Long Island's Hidden Past: A colonial Thanksgiving on Long Island

With Thanksgiving fast approaching, News 12's Danielle Campbell took a look back at what a colonial Thanksgiving looked like, Long Island style.
Diane Schwindt stirs up history at the Ketcham Inn in Center Moriches, using a hearth from the 1600s. She believes by cooking up history, we get a more authentic taste of Long Island's past.
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"You can look at a building but once you put food in there and a fire going, it becomes alive, I think that is the difference," says Schwindt.
Schwindt gives classes at the Inn, teaching students how Long Islanders cooked back in time. Back then, it wasn't about the turkey, stuffing and pumpkin pie.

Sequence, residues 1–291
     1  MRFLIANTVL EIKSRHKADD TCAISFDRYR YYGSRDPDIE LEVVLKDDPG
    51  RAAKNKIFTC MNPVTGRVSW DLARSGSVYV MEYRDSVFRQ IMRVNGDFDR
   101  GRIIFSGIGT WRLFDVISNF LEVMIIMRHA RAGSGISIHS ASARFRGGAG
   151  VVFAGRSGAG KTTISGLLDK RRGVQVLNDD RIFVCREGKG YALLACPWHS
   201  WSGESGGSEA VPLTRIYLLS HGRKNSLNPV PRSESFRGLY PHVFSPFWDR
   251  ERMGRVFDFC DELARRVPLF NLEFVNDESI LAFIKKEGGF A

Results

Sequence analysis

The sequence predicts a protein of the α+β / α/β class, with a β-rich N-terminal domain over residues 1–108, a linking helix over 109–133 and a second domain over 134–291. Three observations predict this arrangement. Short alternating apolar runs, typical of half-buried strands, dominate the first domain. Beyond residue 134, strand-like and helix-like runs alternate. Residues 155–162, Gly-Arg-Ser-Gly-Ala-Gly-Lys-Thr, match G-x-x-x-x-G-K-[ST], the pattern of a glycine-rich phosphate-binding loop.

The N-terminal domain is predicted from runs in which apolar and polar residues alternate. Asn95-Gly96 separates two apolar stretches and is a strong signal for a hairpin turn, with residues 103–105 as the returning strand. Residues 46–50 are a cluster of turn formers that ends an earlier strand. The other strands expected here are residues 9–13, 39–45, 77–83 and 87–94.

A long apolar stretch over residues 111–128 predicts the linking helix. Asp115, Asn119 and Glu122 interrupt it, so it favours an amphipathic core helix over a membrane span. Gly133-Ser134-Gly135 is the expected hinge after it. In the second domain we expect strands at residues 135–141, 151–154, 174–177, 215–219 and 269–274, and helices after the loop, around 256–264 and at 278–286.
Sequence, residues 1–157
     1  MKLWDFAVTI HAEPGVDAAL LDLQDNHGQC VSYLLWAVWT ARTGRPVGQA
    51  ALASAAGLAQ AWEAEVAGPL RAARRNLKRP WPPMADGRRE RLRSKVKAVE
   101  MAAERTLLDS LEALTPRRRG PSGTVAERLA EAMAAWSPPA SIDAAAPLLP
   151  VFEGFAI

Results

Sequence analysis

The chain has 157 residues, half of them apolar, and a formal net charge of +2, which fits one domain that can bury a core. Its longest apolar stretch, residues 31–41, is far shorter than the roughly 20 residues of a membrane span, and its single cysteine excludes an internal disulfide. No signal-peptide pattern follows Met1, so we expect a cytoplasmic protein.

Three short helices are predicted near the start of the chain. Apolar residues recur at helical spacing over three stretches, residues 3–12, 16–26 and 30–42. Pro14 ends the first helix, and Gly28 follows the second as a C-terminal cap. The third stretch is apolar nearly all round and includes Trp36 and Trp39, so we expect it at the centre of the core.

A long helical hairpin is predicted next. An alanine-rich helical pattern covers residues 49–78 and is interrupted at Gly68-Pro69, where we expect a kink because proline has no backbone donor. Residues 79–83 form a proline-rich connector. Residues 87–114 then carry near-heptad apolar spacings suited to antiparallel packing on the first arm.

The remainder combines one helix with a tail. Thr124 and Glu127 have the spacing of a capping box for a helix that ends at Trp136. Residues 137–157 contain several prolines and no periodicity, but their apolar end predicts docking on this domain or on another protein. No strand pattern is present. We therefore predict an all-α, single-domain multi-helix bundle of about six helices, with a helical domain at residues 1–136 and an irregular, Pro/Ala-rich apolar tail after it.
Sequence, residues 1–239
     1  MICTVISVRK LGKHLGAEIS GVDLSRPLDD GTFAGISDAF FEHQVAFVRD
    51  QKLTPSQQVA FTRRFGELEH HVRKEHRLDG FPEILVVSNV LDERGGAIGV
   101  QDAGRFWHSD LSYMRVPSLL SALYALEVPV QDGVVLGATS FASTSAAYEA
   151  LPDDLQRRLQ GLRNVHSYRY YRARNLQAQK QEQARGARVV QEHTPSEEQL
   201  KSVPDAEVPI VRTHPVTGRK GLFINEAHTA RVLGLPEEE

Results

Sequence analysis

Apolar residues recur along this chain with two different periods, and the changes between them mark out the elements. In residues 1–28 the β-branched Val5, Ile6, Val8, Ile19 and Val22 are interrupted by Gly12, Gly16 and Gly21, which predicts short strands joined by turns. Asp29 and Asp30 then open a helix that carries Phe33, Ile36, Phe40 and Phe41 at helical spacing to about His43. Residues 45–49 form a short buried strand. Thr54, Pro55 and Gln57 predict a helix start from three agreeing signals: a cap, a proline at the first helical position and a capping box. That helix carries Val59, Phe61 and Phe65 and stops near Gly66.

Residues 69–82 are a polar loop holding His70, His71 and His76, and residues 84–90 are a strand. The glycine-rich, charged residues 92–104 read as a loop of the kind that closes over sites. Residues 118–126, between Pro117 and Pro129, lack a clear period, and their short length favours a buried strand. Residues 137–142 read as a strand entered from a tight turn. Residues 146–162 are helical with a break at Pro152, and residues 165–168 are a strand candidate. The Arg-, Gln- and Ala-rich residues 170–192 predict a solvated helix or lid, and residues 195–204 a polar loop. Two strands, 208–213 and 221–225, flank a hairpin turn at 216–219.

"Back in the 1600s and 1700s, it was a whole different ballgame ... turkey didn't come in until the 1800s," says Schwindt.
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She says because Long Islanders were walking distance from the water, seafood was a big part of their diet. Eel and venison were classic choices.
Schwindt says historical cooking gives you a sense of how hard it was to survive, which would have made Thanksgiving back then truly a day for thanks.
"It was a lot more humbling than it is today," Schwindt says. "I think during the time period they were truly thankful."